Business, Legal & Accounting Glossary
A long-established informal system of money transfer from India and the Middle East, still in use by migrant workers.
Hawala can be referred to as international financial networks unregulated by government or any administering authority. They exist all over the globe and utilized mainly by individuals to channelize cash. Cash can be transferred to domestic as well as international destinations. A majority of hawala brokers are based in Africa, Asia and the Middle East.
Hawala (also known as hundi) is an informal value transfer system used primarily in the Middle East, Africa and Asia.
Its origins are not entirely clear, but it is believed to have been used first in the financing of long-distance trade in the early medieval period on trading routes such as the Silk Road, the Eastern Mediterranean and the Indian Ocean. Hawala is mentioned in texts of Islamic jurisprudence as early as the 8th century. In South Asia, it appears to have developed into a fully-fledged money market instrument, which was only gradually replaced by the instruments of the formal banking system in the first half of the 20th century. Today hawala is probably used mostly for migrant workers’ remittances to their countries of origin.
In the most basic variant of the hawala system, money is transferred via a network of hawala brokers, or hawaladars. A customer approaches a hawala broker in one city and gives a sum of money to be transferred to a recipient in another, usually foreign, city. The hawala broker calls another hawala broker in the recipient’s city, gives disposition instructions of the funds (usually minus a small commission), and promises to settle the debt at a later date.
The unique feature of the system is that no promissory instruments are exchanged between the hawala brokers; the transaction takes place entirely on the honour system. As the system does not depend on the legal enforceability of claims, it can operate even in a defunct legal and juridical environment. No records are produced of individual transactions; only a running tally of the amount owed one broker by the other is kept. Settlements of debts between hawala brokers can take a variety of forms, and need not take the form of direct cash transactions.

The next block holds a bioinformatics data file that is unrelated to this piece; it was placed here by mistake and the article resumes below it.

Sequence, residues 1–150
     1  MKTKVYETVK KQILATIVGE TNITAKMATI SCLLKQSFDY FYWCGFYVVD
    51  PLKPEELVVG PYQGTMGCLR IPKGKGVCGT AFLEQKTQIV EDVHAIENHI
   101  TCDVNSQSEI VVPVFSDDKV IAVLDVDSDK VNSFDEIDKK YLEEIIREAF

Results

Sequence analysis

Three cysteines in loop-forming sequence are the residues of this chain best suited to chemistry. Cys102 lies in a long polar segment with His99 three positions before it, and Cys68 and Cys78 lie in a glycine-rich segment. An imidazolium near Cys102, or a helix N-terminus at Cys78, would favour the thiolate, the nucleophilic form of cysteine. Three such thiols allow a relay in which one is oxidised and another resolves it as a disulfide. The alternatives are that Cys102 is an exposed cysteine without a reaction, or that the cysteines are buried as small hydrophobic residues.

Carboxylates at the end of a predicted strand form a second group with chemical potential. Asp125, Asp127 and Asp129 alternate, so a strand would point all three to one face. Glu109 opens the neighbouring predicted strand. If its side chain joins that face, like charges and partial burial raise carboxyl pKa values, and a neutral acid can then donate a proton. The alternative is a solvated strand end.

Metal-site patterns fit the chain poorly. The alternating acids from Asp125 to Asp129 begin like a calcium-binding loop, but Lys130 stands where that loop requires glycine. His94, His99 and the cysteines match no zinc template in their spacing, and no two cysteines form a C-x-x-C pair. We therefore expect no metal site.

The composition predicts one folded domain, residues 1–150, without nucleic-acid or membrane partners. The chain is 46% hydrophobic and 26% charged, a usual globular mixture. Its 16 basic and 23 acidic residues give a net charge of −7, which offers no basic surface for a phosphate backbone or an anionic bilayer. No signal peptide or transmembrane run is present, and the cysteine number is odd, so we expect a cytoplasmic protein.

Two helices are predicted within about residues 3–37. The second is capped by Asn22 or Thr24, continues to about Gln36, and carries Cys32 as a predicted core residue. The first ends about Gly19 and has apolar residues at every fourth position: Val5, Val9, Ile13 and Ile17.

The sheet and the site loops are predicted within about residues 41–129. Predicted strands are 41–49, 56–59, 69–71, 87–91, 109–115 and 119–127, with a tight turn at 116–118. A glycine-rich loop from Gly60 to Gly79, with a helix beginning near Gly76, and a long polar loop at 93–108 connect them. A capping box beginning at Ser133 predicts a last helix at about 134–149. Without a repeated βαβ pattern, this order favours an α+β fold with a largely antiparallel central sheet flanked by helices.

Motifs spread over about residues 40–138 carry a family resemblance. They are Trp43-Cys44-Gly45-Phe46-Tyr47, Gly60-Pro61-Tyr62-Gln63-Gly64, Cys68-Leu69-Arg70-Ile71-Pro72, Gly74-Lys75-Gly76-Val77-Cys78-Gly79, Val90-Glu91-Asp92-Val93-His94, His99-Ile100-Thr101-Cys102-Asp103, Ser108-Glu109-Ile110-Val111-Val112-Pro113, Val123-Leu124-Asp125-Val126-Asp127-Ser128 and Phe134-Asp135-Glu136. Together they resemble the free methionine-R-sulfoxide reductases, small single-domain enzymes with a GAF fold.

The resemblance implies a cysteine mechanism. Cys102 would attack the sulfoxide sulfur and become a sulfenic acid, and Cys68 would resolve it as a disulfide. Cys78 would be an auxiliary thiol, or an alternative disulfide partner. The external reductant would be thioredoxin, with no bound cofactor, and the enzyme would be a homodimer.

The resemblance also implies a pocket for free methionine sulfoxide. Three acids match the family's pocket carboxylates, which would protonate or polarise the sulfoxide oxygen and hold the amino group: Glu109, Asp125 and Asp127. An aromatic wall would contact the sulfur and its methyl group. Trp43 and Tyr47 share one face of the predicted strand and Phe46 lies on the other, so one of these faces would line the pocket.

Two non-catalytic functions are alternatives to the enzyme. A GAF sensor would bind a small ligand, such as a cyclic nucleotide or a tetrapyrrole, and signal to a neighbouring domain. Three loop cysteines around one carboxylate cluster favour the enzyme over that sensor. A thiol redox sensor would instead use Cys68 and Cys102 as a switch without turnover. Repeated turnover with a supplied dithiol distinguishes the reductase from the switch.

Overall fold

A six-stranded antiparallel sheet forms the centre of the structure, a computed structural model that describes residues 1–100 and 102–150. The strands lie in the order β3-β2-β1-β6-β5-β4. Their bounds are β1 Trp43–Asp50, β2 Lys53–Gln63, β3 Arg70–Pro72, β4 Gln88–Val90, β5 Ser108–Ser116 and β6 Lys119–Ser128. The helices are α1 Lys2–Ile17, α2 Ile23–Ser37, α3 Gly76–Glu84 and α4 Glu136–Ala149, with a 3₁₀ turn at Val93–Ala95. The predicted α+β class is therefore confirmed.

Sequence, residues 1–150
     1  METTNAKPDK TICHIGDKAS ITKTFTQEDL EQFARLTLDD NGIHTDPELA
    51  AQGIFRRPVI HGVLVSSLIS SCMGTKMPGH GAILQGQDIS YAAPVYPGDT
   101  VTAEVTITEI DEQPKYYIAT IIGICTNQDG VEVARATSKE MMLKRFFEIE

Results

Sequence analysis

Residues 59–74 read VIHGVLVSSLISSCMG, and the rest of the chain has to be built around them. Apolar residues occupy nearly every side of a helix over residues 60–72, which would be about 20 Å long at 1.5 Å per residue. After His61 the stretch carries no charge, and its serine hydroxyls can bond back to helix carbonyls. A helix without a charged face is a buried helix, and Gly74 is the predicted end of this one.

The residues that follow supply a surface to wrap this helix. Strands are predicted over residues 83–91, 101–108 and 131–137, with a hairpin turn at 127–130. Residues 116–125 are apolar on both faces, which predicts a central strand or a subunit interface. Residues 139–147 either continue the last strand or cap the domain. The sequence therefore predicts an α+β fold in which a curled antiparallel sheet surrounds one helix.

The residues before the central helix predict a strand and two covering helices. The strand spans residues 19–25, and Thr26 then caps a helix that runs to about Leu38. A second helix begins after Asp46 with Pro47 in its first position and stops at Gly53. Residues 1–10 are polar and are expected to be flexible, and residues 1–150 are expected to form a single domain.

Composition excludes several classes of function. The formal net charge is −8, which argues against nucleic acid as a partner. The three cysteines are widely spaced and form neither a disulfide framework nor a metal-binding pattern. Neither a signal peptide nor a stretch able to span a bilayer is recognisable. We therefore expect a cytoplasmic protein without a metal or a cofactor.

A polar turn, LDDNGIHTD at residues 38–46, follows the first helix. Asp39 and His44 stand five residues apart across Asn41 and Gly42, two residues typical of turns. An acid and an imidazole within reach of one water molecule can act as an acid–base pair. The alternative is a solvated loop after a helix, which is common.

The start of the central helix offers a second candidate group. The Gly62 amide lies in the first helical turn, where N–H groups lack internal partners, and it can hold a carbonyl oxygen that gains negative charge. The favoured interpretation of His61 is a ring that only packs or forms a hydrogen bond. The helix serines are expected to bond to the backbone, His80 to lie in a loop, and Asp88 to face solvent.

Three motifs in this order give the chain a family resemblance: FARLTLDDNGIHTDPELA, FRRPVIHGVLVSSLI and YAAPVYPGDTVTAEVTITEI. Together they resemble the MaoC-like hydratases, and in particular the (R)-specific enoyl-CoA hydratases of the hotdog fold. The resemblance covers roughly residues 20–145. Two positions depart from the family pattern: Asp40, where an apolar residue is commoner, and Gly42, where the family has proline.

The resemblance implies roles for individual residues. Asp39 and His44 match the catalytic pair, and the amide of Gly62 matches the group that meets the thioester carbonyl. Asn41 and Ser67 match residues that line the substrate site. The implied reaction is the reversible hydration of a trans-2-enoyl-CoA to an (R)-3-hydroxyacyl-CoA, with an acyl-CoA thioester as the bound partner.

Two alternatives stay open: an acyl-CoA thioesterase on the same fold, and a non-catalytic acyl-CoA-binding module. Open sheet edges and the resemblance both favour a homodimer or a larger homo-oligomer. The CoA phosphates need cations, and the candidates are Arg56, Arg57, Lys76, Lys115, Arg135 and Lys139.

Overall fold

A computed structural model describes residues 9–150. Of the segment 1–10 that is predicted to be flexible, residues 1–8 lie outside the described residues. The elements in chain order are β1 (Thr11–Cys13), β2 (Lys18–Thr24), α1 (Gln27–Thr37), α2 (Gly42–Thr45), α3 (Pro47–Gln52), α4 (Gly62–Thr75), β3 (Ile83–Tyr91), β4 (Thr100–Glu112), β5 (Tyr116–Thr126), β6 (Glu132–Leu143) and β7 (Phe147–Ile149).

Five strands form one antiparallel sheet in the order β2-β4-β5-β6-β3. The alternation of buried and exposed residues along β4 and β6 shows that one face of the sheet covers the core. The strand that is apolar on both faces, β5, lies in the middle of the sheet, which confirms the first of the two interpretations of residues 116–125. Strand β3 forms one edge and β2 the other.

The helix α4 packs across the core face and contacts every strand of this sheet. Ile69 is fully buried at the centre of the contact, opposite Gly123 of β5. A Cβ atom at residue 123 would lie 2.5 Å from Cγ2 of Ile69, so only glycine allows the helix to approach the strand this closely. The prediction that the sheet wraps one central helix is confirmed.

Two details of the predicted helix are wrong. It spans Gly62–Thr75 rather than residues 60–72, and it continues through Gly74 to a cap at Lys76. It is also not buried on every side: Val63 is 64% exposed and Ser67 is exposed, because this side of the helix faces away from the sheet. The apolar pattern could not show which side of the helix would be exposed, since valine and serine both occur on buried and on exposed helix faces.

In addition to commissions, hawala brokers often earn their profits through bypassing official exchange rates. Generally, the funds enter the system in the source country’s currency and leave the system in the recipient country’s currency. As settlements often take place without any foreign exchange transactions, they can be made at (black) market rates rather than official rates.
Hawala is attractive to customers because it provides a fast, convenient and safe transfer of funds, usually with a far lower commission than that charged by banks. Its advantages are most pronounced when the receiving country applies distortive exchange rate regulations (as has been the case for many typical receiving countries such as Pakistan or Egypt) or when the banking system in the receiving country is underdeveloped (e.g. due to weak legal environment in places such as Afghanistan, Yemen, Somalia).
Furthermore, the transfers are informal and not effectively regulated by governments, which is a major advantage to customers with tax, currency control, immigration, or other legal concerns. For the same reasons, governments disfavour the system, and accusations have been made in recent years that terrorist funding often changes hands through hawala networks.